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The European Union just banned two pesticides linked to infertility and reproductive problems... both still widely used across America

Pesticide ban

(NaturalNews) The long continued debate over whether or not pesticides are safe to use on crops intended for human consumption has seen a new development, with the EU voting unanimously to ban two dangerous weedkillers: Amitrole and Isoproturon.

The decision is an indication that the EU is listening to consumer concerns over food safety, and brings to light the fact that pesticides ARE dangerous to human health. Pesticides that were banned more than 40 years ago are still causing sperm abnormalities and miscarriages today, meaning that while this is a definite step in the right direction, EU citizens aren't yet safe from the health impacts of these two pesticides. And U.S. citizens aren't yet safe at all.

Endocrine-disrupting herbicides

As reported by The Guardian, endocrine disruptors are chemicals that interfere with the hormone system. A variety of scientific studies have shown that these chemicals can cause cancerous tumors, birth defects and a range of other health conditions that have an impact on gender, sex and reproductive systems.

Amitrole – or Aminotriazole – is widely used in 10 EU countries, including the UK, as part of common procedures in industrial farming. But an analysis by the European Food Safety Authority has found that it is an endocrine disruptor that could damage unborn children, as well as having toxic effects on the thyroid and reproductive organs.

Meanwhile, the same study found that Isoproturon should be classified as toxic for reproductive systems, because it also has potential endocrine-mediated effects on fertility. These herbicides are still for sale across the U.S., and there is no ban in the pipeline, meaning that the U.S. population will continue to be exposed to these extremely harmful chemicals for the foreseeable future.

A ground-breaking moratorium

According to The Guardian, "The European commission has ordered a ground-breaking moratorium on two endocrine-disrupting weedkillers that have been linked to thyroid cancer, infertility, reproductive problems and foetal malformations."

Beginning in September 2016, and stretching across the whole of Europe, the first ever ban on endocrine-disrupting herbicides will be launched. Hans Muilerman, who is the chemicals officer at Pesticide Action Network in Europe said of the moratorium, "This is a historic decision as it is clear that these chemicals are 100% endocrine disruptors. We applaud these two proposals but at the same time note that a large reservoir of harmful, classified and endocrine-disrupting pesticides is still waiting for a decision, which has been repeatedly postponed by the commission."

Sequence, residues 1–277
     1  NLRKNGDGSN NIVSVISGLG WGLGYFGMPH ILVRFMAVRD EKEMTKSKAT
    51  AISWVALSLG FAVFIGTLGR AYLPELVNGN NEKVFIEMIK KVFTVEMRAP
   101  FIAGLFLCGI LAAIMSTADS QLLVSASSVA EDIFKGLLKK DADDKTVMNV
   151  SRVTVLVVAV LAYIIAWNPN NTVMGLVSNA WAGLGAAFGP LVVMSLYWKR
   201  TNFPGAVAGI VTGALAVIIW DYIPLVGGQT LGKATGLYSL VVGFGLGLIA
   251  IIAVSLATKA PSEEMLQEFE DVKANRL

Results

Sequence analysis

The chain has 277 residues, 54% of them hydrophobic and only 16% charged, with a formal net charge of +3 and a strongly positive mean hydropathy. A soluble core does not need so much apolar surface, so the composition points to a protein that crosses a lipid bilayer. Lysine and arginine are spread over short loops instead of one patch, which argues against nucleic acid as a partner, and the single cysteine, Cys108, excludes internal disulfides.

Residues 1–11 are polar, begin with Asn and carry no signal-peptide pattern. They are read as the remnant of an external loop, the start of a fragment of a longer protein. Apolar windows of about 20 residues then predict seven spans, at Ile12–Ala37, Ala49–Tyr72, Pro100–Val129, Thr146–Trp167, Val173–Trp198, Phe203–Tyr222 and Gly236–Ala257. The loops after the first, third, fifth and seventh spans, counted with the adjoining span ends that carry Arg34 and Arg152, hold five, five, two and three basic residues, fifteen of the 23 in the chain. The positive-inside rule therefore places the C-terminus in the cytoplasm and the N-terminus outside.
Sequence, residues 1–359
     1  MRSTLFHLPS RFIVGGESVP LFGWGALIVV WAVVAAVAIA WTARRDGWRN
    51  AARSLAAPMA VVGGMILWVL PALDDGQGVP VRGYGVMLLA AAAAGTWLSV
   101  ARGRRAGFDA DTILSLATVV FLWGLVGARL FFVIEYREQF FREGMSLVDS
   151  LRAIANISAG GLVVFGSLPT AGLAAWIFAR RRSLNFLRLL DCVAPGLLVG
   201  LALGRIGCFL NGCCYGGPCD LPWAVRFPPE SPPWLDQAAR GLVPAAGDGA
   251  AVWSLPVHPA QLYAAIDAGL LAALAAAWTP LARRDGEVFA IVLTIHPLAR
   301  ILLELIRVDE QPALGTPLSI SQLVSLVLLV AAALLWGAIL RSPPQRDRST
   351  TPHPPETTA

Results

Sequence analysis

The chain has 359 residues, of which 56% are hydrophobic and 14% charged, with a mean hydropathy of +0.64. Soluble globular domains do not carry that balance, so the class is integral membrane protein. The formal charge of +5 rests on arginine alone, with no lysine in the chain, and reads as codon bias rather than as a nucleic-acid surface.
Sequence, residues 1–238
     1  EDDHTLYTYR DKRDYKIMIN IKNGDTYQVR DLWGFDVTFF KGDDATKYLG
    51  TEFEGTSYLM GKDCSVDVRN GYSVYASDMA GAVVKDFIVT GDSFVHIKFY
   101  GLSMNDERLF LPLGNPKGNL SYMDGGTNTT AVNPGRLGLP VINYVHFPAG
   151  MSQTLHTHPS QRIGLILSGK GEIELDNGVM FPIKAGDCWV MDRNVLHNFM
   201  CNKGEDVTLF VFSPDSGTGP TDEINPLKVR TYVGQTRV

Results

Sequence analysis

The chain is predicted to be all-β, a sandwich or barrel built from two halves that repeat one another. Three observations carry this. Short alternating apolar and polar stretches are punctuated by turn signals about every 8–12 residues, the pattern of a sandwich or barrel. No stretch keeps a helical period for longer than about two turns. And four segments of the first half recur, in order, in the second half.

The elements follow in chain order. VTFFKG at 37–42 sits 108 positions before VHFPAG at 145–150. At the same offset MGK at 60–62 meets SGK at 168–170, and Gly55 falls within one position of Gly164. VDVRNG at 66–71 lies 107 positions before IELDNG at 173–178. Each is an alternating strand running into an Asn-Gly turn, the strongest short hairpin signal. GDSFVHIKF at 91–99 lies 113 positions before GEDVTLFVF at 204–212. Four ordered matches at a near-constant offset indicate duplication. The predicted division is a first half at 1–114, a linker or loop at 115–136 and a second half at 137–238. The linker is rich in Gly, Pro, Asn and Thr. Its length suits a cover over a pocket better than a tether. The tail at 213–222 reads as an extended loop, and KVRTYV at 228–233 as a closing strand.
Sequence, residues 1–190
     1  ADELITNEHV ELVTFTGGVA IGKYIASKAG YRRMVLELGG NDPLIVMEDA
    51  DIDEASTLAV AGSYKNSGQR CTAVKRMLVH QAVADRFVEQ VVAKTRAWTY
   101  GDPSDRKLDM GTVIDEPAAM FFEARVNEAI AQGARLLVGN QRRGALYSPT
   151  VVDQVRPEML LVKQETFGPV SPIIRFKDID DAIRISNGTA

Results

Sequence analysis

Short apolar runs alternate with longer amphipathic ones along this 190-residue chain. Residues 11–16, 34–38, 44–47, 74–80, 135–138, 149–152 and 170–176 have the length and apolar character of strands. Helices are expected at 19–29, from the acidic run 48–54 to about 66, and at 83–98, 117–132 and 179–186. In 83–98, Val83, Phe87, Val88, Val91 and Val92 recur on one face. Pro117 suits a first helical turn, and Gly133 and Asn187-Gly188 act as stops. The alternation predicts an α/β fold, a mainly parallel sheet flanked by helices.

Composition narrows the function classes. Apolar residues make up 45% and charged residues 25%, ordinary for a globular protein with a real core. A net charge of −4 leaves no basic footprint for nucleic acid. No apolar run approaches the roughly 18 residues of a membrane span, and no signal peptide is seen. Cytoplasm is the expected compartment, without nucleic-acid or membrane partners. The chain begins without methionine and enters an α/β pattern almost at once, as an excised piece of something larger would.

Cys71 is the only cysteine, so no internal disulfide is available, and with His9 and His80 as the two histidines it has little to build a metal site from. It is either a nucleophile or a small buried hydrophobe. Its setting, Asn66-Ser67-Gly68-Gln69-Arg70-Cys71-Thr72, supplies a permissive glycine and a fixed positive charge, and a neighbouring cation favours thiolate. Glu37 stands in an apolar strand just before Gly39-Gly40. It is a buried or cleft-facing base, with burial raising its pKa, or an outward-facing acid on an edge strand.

Aren't pesticides tested before they are approved?

Most concerning of all, is the fact that in a study comparing the toxicity of herbicides and pesticide formulations, the results were that the products sold are up to 1,000 times more toxic than the isolated substances which are tested and evaluated for safety.

When a pesticide is authorized for use based on medium or long-term tests, these tests have been carried out on laboratory animals using a single chemical ingredient – the "active ingredient." The active ingredient is assumed to be responsible for giving the pesticide its weed-killing affect.

But the final versions of the pesticide formulas that are available for purchase contain other additive compounds that increase the activity of the pesticide, and the completed versions are not tested over the medium or long term.

Popular herbicide Roundup – which contains the chemical glyphosate – is widely used across the U.S. and claimed to be a benign herbicide, yet researchers have found it is by far the most toxic of all herbicides and insecticides, according to GM Watch. Tests comparing the toxicity of glyphosate with other formulas – including isoproturon – found that Roundup was the most toxic among the herbicides and insecticides tested.

According to EWG, another dangerous chemical, atrazine, is one of the most widely used endocrine-disrupting pesticides in the U.S. – a chemical which is already banned in Europe. Why is the U.S. so far behind on taking precautions to protect Americans from these extremely dangerous, toxic chemicals?

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